I'll explain. I often fall asleep reading, and when I did so in the middle of an interesting article I'd finish it in the morning, as I got ready for work-the water hitting my back as I held an arm in front of me.
Now to confess to a new habit: I keep a small rabbit-ear speaker system in my bathroom, and many mornings before I shower I nestle my iPod into it and listen to a chapter or two of an audio book downloaded off the Internet.
And, bam, like that, another of print's "unique strengths"-portability-is gone.
As I write this, I'm sitting in a hotel ballroom in Puerto Rico listening to magazine-industry executives hash out their issues. I've been coming to this conference for longer than I care to admit, and there have been years when these publishers were clearly in denial, when this gathering felt like a cheerleading camp frustratingly detached from day-to-day reality.
Not this year. Speaker after speaker urged those in attendance to figure out how magazines can adapt to digital formats, extend their brands, confront pressure to play in the branded entertainment space, or simply fight for their fair share of an ad dollar being split into ever-smaller parts.
The outlook is neither gloomy nor upbeat. It's simply realistic. Publishers know what the questions are; they just haven't worked out the answers. They realize they have to change, even if they don't know how.
Here's one hint: Immerse yourselves in new media. Although many audience members were hunched in the increasingly familiar typing-on-Blackberries position, only about a dozen or so of the 400 people in the room raised an arm when Technology Review Editor Jason Pontin asked how many people read a daily blog. Along similar lines, the better part of a chat with Sirius chief Mel Karmazin was spent on a basic primer of what satellite radio is and how it differs from terrestrial radio.
Karmazin was able to underscore why digital represents both a threat and an opportunity for traditional media. He first outlined content deals Sirius has cut with the likes of Cosmo and Maxim, then warned publishers the national footprint of satellite radio makes Sirius a serious competitor for ad dollars: "People in this room have something to concern themselves about."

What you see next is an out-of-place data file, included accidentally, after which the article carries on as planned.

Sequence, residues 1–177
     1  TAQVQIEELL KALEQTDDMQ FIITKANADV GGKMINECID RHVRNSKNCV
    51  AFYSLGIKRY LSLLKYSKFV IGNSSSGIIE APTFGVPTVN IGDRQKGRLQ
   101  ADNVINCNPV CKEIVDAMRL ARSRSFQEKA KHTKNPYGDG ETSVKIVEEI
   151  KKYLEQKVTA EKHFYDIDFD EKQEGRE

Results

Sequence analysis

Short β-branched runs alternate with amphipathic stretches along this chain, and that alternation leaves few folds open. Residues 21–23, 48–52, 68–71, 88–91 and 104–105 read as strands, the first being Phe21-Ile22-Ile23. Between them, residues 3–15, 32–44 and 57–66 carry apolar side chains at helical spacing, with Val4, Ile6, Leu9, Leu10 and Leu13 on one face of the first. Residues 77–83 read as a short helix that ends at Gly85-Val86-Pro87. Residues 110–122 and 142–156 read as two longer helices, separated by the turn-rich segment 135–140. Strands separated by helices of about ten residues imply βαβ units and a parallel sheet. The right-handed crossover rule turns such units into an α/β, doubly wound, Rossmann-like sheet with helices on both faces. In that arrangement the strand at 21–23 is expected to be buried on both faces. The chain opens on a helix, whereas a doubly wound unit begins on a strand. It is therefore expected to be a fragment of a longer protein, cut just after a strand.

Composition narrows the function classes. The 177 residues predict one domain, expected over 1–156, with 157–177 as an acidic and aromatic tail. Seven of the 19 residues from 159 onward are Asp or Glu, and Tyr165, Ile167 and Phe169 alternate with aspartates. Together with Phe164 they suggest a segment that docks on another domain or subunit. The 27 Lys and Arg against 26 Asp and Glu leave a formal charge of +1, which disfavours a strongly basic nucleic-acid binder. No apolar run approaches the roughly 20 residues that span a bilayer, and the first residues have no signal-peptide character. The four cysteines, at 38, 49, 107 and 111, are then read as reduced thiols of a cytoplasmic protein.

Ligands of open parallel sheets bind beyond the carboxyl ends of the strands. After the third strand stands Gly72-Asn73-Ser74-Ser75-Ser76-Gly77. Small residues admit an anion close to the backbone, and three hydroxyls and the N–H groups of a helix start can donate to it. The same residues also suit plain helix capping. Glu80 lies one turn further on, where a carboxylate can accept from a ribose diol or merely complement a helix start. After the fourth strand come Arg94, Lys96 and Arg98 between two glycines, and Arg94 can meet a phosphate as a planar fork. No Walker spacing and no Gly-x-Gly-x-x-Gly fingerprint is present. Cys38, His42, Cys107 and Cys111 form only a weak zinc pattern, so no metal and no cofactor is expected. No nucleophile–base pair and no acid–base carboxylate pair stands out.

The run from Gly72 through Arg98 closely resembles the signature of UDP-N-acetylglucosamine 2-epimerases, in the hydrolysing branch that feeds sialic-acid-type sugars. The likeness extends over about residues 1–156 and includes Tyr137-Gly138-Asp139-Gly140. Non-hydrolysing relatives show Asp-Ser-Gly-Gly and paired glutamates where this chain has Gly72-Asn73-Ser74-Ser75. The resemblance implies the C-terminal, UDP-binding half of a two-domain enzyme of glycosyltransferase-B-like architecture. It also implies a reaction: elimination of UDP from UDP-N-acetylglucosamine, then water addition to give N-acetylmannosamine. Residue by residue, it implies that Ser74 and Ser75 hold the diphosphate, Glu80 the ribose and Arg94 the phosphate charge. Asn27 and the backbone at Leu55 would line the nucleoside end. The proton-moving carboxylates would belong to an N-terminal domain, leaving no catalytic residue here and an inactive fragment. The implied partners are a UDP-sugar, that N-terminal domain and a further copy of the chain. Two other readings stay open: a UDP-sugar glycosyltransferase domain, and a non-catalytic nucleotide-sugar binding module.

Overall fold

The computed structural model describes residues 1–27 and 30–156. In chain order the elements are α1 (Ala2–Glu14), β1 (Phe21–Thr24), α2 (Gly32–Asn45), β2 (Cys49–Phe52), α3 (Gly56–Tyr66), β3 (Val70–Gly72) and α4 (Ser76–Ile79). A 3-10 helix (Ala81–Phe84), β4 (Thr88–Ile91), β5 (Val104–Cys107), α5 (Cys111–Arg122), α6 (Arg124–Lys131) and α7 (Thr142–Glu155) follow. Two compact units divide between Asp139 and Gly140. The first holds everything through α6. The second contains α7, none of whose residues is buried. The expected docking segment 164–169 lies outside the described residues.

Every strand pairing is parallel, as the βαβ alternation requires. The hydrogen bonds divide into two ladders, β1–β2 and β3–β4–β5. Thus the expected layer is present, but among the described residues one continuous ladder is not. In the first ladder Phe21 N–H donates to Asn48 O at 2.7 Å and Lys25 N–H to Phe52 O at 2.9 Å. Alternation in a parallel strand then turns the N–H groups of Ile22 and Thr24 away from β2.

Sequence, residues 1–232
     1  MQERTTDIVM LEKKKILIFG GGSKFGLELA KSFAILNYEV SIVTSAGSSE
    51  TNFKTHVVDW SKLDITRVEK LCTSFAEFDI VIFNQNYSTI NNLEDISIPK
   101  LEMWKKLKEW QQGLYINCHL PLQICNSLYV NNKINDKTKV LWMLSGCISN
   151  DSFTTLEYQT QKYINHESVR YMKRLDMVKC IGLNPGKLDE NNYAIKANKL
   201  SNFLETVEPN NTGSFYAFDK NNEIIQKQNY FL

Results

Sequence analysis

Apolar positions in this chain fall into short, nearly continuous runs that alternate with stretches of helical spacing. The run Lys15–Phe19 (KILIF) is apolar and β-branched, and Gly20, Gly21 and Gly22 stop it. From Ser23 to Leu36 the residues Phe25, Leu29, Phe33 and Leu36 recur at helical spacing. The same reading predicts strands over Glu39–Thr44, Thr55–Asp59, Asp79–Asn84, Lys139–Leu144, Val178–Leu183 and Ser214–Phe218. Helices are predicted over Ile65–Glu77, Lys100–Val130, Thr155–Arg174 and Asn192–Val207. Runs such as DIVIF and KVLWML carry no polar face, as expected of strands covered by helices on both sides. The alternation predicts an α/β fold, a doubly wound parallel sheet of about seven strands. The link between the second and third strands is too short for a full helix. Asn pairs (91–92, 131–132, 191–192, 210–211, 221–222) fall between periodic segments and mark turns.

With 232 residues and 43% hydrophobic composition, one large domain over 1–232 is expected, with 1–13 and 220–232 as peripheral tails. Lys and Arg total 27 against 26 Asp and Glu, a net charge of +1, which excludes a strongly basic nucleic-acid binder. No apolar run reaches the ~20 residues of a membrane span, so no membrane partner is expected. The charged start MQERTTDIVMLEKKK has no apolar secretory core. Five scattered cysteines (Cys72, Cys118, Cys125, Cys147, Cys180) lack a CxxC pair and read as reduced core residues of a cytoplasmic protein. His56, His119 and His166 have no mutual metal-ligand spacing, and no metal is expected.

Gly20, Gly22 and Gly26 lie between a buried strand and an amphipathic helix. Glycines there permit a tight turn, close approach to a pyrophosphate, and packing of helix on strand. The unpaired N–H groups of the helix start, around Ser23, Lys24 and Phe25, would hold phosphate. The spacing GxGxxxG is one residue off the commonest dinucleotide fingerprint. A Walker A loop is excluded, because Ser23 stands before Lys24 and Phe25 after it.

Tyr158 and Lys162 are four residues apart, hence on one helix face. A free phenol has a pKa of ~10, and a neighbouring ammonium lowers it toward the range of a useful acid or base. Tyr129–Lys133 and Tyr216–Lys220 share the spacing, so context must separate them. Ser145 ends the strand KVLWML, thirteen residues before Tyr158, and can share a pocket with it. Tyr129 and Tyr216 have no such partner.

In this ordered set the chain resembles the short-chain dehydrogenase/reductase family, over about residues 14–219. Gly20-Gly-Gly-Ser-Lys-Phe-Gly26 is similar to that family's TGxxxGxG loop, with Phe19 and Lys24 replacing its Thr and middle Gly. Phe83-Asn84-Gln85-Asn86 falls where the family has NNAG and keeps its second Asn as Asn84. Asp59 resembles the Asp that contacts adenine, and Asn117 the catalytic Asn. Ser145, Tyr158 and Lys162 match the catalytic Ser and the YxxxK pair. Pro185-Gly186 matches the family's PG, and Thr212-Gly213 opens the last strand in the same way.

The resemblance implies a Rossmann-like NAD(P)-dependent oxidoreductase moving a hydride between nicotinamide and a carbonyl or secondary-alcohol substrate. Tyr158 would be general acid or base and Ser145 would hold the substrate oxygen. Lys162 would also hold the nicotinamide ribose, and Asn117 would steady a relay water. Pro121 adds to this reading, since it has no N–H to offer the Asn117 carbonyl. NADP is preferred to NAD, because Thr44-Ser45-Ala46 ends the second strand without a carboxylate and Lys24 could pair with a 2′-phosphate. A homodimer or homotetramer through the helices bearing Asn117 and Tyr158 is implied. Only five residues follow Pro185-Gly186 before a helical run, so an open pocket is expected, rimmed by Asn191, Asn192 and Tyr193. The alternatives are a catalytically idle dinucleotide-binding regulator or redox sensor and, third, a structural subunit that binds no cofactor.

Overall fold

At heart is the definition of what it means to be in the "magazine" business. Is a magazine an ink-on-paper product, a platform-neutral editorial environment or a brand capable of selling subscribers life insurance door-to-door (as Grit actually does) and licensed lifestyle products?
"It's the consumer experience that's at the heart and soul of it," Hearst's Cathie Black said from the stage. It's a nifty idea, but not yet a reality. And if magazines are able to realize their full potential as builders of communities of common interests, are they still actually magazines? What role for the printed page?
In the past couple of weeks, Nerve's Rufus Griscom and magazine-journalist-cum-blog-icon Jeff Jarvis independently voiced similar theories. Each believes magazines will ultimately serve a secondary role to Web sites, pretty catalogs to remind audiences to visit a Web site for a deeper interaction. That concept stuns many publishers, who still view it from the other side, seeing their Web sites as tools to drive print subscriptions.
Magazines reduced to the role of mere brand flags waving people to another medium? It's enough to scare a lover of print into reading in the shower again.